When Jill Mitchell first met with Yuma Elementary District 1 to inquire about services available for her autistic son, she was prepared to fight for them.
Mitchell, who moved to Yuma from Woodland Park, Colo., last summer, said services for her son Connor, 10, were not optional – she said she has read books and attended conferences and knows what works.
But despite some criticisms she had heard about special education programs at the district, Mitchell was pleased with what she found. “The fabulous thing about District 1 is that I didn’t need to fight because they agreed on everything,” she said.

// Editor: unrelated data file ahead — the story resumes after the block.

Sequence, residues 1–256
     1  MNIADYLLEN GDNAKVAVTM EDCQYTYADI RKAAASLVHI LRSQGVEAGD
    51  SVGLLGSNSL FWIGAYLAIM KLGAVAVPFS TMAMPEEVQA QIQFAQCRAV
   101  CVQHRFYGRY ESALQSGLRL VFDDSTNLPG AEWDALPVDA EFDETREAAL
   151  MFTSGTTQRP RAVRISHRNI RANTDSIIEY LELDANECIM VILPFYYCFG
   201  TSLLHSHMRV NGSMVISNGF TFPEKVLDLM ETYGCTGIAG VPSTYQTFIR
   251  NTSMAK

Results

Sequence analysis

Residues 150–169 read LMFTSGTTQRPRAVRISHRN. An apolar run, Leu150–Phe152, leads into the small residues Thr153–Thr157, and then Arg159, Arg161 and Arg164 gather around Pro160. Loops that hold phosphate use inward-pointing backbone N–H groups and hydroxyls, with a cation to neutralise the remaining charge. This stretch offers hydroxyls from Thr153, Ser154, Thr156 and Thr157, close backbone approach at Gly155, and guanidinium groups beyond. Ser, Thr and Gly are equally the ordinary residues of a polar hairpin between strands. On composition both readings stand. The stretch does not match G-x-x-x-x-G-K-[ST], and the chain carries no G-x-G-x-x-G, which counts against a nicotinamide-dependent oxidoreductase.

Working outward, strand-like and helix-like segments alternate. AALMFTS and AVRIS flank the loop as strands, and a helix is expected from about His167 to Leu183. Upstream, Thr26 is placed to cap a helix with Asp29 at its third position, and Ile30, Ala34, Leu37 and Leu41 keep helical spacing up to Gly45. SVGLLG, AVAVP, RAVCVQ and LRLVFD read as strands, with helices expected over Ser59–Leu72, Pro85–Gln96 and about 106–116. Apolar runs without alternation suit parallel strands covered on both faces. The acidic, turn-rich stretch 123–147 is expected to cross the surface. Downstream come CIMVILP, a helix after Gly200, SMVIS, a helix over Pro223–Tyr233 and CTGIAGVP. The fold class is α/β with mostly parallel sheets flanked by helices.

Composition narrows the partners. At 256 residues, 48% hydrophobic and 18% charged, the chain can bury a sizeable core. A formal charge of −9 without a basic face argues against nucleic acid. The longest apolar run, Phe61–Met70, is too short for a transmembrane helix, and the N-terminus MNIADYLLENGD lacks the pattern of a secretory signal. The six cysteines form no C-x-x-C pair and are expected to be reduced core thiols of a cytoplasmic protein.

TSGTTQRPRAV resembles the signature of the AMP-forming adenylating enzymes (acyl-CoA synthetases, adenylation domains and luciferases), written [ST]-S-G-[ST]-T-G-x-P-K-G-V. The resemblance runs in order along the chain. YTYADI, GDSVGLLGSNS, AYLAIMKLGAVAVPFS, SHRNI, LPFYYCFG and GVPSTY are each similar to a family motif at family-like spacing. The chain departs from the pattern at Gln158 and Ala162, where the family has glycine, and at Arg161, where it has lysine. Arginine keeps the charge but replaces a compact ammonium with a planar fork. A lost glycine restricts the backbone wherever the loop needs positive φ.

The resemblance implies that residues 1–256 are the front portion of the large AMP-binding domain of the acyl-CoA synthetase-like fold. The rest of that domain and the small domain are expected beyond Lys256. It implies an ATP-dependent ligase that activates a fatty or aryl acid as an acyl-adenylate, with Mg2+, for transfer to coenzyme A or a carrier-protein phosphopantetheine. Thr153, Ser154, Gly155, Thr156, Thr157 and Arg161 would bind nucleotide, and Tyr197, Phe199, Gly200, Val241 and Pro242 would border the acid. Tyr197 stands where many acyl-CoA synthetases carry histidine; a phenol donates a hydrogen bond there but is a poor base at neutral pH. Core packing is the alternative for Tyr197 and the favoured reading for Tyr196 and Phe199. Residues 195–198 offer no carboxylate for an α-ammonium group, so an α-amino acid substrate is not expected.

The Arizona Department of Education audited Yuma Elementary School District 1 in October after a complaint was filed by a parent. The audit noted that 29 percent of special education teachers have not met the Highly Qualified standard in the subject area they are assigned to teach as mandated under the 2001 No Child Left Behind Act. And there are four positions currently filled by long-term substitutes.
Mitchell said she knew that her son needed a paraprofessional “and without blinking an eye, they agreed.”